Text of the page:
June 24, 2014
Media Contact: Cody Hefner (513) 287-7054 office, (513) 608-5777 cell, firstname.lastname@example.org
CINCINNATI - The National Trust for Historic Preservation announced today that Cincinnati's Union Terminal and Music Hall were named to 2014's list of America's 11 Most Endangered Historic Places. This annual list spotlights important examples of the nation's architectural, cultural and natural heritage that are at risk of destruction or irreparable damage. This is the first time in the 27-year history of the list that two sites from the same city are included.
Union Terminal, originally opened in 1933, is a piece of Cincinnati's past that has since become home to Cincinnati Museum Center, a cultural institution unrivaled in the region or the nation. The building is a city icon, a defining and instantly-recognizable feature of Cincinnati's landscape. Each year it welcomes over one million visitors to the Museum of Natural History & Science, Cincinnati History Museum, Duke Energy Children's Museum, Robert D. Lindner Family OMNIMAX® Theater and special exhibits housed within.
Union Terminal is plagued by significant deterioration accumulated during its 81 years. The structural and water damage has caused walls to warp, steel to rust, ceilings to crumble and bricks to bulge out from walls. The damage threatens the long-term viability of the building and the exhibits and artifacts in Union Terminal.
"While this designation has an ominous tone to its title, it is a sign that now is the time for our community to act and to delay no further," says Francie S. Hiltz, chair of the board of trustees of Cincinnati Museum Center. "I am even more pleased to know that as of today, Union Terminal and Music Hall will benefit from the attention of the Trust's National Treasures program."
In its 27-year history, the National Trust's Most Endangered Historic Places list has included over 250 sites. In that time, only a handful of listed sites have been lost.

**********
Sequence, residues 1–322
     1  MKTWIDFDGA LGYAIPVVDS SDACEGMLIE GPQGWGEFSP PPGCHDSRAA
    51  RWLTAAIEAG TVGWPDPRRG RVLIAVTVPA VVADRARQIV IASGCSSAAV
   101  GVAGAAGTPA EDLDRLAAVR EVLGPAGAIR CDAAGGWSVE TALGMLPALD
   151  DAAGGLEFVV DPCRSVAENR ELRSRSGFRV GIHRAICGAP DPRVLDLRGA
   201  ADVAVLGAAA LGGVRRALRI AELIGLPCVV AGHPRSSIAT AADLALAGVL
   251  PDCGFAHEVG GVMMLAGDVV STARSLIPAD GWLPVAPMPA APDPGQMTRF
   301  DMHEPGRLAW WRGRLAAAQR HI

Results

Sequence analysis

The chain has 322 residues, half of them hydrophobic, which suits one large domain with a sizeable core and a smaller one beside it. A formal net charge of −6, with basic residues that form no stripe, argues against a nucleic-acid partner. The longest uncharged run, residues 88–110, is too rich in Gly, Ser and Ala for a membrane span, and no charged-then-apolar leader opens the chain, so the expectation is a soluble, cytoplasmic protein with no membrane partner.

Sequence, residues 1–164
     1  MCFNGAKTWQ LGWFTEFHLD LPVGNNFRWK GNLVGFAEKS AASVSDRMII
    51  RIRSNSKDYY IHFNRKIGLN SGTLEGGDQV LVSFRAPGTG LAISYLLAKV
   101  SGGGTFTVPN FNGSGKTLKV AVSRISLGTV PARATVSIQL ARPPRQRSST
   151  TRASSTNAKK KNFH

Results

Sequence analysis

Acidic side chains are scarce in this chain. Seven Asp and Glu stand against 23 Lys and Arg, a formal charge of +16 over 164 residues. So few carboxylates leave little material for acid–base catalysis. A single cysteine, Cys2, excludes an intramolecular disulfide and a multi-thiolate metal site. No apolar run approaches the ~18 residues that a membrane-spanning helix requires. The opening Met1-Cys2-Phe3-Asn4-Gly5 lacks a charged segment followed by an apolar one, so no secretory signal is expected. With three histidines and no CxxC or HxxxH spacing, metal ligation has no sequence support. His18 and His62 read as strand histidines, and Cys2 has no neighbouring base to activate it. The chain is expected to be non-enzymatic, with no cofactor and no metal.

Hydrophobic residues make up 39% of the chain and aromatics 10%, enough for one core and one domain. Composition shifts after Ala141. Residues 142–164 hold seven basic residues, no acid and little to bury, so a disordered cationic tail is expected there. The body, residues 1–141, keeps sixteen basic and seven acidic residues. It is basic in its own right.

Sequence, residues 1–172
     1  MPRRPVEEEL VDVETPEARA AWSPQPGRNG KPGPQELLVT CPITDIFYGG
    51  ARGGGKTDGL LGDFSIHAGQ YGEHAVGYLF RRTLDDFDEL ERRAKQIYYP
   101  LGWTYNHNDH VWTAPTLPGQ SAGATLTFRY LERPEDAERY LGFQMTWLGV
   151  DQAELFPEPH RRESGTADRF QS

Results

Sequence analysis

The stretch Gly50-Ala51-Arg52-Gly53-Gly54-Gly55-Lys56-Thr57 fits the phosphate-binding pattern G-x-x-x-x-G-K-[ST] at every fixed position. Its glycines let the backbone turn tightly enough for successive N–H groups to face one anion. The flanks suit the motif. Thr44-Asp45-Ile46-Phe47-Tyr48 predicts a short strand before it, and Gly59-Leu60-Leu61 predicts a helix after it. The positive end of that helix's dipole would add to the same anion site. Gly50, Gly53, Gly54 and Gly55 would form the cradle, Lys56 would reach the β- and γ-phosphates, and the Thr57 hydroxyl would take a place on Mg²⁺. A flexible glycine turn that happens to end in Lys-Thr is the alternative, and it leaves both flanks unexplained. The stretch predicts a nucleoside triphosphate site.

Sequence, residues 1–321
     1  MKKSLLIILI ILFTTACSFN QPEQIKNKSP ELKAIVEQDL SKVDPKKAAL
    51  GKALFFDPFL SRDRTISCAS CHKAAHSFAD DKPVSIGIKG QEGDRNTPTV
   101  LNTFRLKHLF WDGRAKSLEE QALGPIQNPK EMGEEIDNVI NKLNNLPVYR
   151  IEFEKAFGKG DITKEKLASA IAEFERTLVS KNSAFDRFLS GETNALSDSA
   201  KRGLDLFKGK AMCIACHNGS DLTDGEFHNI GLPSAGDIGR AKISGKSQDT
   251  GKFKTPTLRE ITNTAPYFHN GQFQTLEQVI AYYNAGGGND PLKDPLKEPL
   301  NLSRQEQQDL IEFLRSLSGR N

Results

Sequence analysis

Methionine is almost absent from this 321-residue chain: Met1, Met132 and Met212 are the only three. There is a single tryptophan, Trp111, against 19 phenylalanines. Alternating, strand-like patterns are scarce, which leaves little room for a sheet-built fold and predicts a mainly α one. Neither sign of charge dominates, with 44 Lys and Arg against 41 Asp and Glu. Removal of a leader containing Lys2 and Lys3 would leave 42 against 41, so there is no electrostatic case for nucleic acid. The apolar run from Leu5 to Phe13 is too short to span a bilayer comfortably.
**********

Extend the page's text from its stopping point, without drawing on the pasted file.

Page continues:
"The National Trust is one of the world's most effective organizations in preserving our nation's history and culture," says Douglass W. McDonald, president and CEO of Cincinnati Museum Center. "The National Trust's attention is a resounding endorsement of the work happening now in our community to save our icons."
Designation by the National Trust as an endangered historic site has in the past been a powerful tool for raising awareness and rallying resources to save endangered sites. Union Terminal officials are hopeful that the National Trust's recognition of the building's repair needs will boost community awareness and be another powerful advocate in the effort to save Union Terminal.
"The National Trust's attention is an endorsement of the recommendations shared with the County Commissioners and is a clear mandate that our citizens should have the opportunity to vote on this issue in November," says Hiltz.
About Cincinnati Museum Center
Cincinnati Museum Center at Union Terminal is a nationally recognized institution as well as national historic landmark. Dedicated to sparking community dialogue, insight and inspiration, Museum Center was awarded the 2009 National Medal for Museum and Library Service. Our Union Terminal has been voted the nation's 45th most important building by the American Institute of Architects. Organizations within Cincinnati Museum Center include the Cincinnati History Museum, Duke Energy Children's Museum, the Museum of Natural History & Science, the Robert D. Lindner Family OMNIMAX Theater and the Cincinnati Historical Society Library. Recognized in Forbes Traveler Magazine as the 17th most visited museum in the country, Cincinnati Museum Center welcomes one million plus visitors annually. Cincinnati Museum Center gratefully acknowledges operating and capital support from the taxpayers of Hamilton County and the State of Ohio. For more information, visit www.cincymuseum.org.
America's 11 Most Endangered Historic Places has identified more than 250 threatened one-of-a-kind historic treasures since 1988. Whether these sites are urban districts or rural landscapes, Native American landmarks or 20th-century sports arenas, entire communities or single buildings, the list spotlights historic places across America that are threatened by neglect, insufficient funds, inappropriate development or insensitive public policy. The designation has been a powerful tool for raising awareness and rallying resources to save endangered sites from every region of the country. At times, that attention has garnered public support to quickly rescue a treasured landmark; while in other instances, it has been the impetus of a long battle to save an important piece of our history.
The National Trust for Historic Preservation, a privately funded non-profit organization, works to save America's historic places. Learn more at www.preservationnation.org.